Dear Philosophical Atheist,


Is truth learned from the top down, or from the bottom up?

The more I hear your arguments, the more I realize that your conclusions are based upon philosophy. You will say that it is based upon facts, but the facts can be looked at in many different ways. There are legitimate arguments on various sides of the issue that you ignore, and there are legitimate arguments on your side of the issue that others ignore. Evolution and Intelligent Design are philosophies, ways of looking at facts. Even if you decide that you only know what you personally witness, you still have to interpret those facts, and who knows if you get it right? Is a man sitting on a bench talking to himself or is he talking to God? Even if we get the man’s input, that conclusion is still left up to us. Interpretations run wild in this world. Those of us who trust in God don’t give up our reason. Our reason is rather guided on a particular course. Do you really think that you have no need for a God who can instruct us in true reality, when you aren’t even sure of your own interpretations?

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37 thoughts on “Dear Philosophical Atheist,

  1. Wow Bob, that was very articulate. Count me impressed. Daniel, good luck with your search for answers!

  2. Socratically speaking, we must disclose “what god is” before any discourse can be rendered. Until such time, it remains in the realm of “theological non-cognitivism–meaning, the the word “god” is arbitrary at best.

  3. i think your right in the sense that we’re all just looking at the facts. however, some of us are looking at the facts and drawing conclusions based on them, and others are fabricating conclusions–in spite of the facts. it’s somewhat deceptive for you to throw two hypotheses like evolution and intelligent design up there as if they are equate, considering one has been substantiated by the scientific method and the other, proven wrong.

    1. “however, some of us are looking at the facts and drawing conclusions based on them, and others are fabricating conclusions–in spite of the facts.” Which fabrications are made in spite of those “facts” and what are the conclusions that you say are “drawn” from the facts? I’d bet we’d find the “facts” you speak of are actually the very “conclusions” that you claim are drawn from the facts. I assume this because, simply, facts are facts. Any conclusions made from them are conclusions made from the facts. Some conclude this. Some conclude that. Who will tell us which conclusion is the right one? You claim the opposite is a fabrication. Would you outline those fabrications? Or at least one?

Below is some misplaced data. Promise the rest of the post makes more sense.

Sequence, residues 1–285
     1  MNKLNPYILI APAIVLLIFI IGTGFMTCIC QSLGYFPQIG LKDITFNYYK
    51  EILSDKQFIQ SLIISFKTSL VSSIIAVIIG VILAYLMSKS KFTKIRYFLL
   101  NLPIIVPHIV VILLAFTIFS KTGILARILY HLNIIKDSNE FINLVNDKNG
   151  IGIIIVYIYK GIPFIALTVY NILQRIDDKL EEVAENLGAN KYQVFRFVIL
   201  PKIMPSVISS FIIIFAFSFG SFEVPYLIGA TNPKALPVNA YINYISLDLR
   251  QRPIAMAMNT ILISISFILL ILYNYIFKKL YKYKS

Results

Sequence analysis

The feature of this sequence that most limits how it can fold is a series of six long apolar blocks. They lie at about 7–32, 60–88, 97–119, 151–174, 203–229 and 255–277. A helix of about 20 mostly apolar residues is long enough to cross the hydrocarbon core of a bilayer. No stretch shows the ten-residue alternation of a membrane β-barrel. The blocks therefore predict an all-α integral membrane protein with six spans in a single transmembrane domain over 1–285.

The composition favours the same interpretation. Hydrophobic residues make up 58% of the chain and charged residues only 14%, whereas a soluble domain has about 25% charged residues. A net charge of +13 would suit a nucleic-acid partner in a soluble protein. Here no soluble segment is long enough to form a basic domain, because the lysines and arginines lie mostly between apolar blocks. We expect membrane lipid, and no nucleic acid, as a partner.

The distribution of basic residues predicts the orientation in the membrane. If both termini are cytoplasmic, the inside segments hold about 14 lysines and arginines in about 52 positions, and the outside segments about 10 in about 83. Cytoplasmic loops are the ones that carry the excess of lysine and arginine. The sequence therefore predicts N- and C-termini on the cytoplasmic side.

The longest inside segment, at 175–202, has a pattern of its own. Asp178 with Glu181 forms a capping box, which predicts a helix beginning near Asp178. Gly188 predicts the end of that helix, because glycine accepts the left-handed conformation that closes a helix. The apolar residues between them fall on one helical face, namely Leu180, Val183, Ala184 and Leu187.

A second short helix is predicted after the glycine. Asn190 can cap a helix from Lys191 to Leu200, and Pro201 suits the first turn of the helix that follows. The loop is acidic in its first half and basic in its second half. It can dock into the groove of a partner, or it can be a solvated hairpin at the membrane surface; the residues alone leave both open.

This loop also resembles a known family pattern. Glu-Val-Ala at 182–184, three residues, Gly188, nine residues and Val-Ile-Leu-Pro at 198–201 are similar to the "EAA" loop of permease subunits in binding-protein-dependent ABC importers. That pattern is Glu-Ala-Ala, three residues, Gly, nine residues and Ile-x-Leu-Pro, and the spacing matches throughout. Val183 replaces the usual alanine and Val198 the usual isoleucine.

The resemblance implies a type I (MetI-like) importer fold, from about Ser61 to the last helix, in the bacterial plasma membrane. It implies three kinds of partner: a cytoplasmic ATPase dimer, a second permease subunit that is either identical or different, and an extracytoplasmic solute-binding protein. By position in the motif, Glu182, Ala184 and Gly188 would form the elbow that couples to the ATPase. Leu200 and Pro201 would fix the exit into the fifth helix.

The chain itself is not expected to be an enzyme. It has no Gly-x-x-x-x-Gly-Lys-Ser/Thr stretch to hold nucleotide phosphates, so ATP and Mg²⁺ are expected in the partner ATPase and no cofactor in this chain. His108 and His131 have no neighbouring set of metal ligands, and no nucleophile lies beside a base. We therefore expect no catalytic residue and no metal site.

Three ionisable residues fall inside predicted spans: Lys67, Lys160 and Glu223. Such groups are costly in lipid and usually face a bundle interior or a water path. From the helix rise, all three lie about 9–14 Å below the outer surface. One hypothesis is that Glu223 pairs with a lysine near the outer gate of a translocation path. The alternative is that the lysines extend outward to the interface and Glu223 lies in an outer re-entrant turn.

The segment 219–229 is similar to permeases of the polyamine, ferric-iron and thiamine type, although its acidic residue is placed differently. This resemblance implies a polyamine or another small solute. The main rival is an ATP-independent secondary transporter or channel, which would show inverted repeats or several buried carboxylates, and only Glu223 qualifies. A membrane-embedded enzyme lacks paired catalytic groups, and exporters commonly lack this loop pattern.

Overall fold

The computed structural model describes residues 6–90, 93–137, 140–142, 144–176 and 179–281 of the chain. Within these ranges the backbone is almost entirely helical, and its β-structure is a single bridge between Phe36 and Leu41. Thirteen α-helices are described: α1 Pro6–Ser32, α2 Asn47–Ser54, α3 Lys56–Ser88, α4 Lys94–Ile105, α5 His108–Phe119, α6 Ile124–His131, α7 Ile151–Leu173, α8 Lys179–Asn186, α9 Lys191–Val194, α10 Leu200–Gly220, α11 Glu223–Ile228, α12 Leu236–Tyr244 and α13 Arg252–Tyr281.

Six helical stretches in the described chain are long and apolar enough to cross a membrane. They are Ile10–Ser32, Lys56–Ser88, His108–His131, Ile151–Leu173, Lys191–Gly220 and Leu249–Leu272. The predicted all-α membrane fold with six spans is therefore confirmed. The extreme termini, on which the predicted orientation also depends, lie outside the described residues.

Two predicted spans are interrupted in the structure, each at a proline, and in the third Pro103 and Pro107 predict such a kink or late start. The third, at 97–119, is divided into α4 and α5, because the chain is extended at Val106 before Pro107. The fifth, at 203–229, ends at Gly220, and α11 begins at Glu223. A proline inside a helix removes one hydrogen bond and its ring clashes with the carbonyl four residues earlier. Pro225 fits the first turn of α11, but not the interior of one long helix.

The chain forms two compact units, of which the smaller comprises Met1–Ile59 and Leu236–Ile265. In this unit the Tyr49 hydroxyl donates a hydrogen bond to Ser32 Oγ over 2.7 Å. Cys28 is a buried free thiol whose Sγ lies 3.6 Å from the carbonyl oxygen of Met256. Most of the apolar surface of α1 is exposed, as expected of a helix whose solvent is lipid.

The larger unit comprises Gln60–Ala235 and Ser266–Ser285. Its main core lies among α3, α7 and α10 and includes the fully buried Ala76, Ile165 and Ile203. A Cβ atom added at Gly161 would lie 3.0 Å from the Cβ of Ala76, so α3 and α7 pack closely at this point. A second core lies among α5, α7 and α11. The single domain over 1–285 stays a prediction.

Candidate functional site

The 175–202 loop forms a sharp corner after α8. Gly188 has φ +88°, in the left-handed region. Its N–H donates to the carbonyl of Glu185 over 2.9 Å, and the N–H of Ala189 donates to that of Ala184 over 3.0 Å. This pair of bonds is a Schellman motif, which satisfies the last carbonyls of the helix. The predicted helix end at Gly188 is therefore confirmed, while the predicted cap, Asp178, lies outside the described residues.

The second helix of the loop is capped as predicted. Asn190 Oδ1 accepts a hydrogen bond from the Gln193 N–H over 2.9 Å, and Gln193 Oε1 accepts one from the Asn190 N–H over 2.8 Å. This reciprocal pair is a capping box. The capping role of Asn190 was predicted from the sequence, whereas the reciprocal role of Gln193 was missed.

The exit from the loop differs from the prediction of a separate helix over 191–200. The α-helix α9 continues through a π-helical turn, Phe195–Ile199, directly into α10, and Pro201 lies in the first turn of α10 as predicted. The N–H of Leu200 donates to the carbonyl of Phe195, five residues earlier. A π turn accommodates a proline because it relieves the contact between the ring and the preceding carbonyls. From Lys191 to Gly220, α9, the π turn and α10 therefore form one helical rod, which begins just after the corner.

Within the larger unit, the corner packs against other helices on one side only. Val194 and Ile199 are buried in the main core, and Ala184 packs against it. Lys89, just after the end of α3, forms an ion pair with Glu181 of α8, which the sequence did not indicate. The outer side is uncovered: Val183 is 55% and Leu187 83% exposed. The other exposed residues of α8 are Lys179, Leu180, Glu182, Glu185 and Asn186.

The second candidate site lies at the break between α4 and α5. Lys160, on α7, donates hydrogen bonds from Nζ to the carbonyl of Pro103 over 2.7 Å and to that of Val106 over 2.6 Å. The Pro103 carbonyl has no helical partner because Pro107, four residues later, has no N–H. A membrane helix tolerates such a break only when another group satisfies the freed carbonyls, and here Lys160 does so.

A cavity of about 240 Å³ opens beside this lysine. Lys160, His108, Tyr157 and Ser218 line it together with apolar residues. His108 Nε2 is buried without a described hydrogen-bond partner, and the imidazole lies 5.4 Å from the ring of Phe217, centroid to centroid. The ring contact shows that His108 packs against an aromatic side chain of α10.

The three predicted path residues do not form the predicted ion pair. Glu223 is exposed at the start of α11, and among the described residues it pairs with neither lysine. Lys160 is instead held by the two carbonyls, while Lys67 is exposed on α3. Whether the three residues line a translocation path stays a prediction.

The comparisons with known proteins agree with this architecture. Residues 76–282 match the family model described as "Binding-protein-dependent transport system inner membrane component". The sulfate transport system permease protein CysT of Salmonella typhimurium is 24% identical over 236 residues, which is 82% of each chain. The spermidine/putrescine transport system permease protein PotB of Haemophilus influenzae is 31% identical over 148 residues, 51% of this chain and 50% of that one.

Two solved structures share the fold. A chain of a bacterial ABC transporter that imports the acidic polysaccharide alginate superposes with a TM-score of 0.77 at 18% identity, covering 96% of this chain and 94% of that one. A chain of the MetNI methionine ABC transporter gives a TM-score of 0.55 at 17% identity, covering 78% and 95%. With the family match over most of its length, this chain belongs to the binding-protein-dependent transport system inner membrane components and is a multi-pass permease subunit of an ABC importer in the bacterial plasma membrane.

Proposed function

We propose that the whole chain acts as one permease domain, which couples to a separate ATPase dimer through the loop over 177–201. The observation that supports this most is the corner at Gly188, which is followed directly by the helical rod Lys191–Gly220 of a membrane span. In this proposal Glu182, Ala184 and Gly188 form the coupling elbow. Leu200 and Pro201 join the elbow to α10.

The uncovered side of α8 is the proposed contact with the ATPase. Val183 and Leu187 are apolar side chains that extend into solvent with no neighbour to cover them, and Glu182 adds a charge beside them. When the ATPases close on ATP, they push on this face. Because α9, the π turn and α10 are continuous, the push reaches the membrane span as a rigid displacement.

It is that you claim one interpretation of the facts to be a “‘fabrication’ in spite of the facts” that makes me think your “facts” are really just “conclusions.” I may be wrong.

      “considering one has been substantiated by the scientific method and the other, proven wrong.” What in science has substantiated the one? I would like to know how the other was proven wrong. I am particularly interested in that.

  4. “some of us are looking at the facts and drawing conclusions based on them”

    I think you’re missing the point here. How can you verify that your viewing the facts the right way? All of us have a bias. Are you the one person that has an objective perspective in the world? Are you saying that there is only one interpretation of the facts? That sounds a lot like a religious claim.

    1. i think we all can have an objective perspective of the facts…or at least an “objective enough” definition of the facts to define reality by corroborating it with logic and experimentation. to say evolution is real is not a religious claim, since it has been verified by the scientific method. to say evolution is not real, however, is a religious claim because because of all the overwhelming evidence against it. like you said, we have these things called facts… and you can come to a conclusion that agrees with the facts, or you can make something up which disagrees with the facts, which would be a religious claim.

      1. Here is some evidence against evolution. If there is a coherent argument against it, then there is legitimacy on the other side of the issue. The following is not a religious claim (click here for the source):

        Evolution relies upon mutation, but are there any documented cases of a good mutation? Some mutations manage to escape the normally functioning repair process, and these accumulate throughout life. Some scientists have proposed that aging and death are the result of such unrepaired mutations. It is hard to imagine that anyone could find something good to say about unrepaired mutations — except evolutionists. Evolutionists, you see, believe that mutations (and indeed death itself) are absolutely essential for the chance evolution of all living organisms, including man! The reason for this, as evolutionist Theodosius Dobzhansky points out, is that “the process of mutation is the only known source of the new materials of genetic variability, and hence evolution.” (American Scientist 45:385) Thus evolutionist Carl Sagan could say in his book, The Cosmic Connection, “we (humans) are the products of a long series of biological accidents.”

        Are biological accidents (mutations) up to the task that evolutionists claim for them? Are there any known examples of unquestionably “beneficial” mutations? Ironically, the primary textbook example of a “good” mutation is one that causes the disease sickle cell anemia! This mutation of blood hemoglobin is considered “good” because people who have it (and survive it!) are more resistant to the disease malaria. The symptoms of this “good” mutation include: acute attacks of abdominal and joint pain, ulcers on the legs, defective red blood cells, and severe anemia — often leading to death. One can only imagine what the “bad” mutations are like! No wonder that H. J. Mueller, who won the Nobel prize for his work on mutations, said: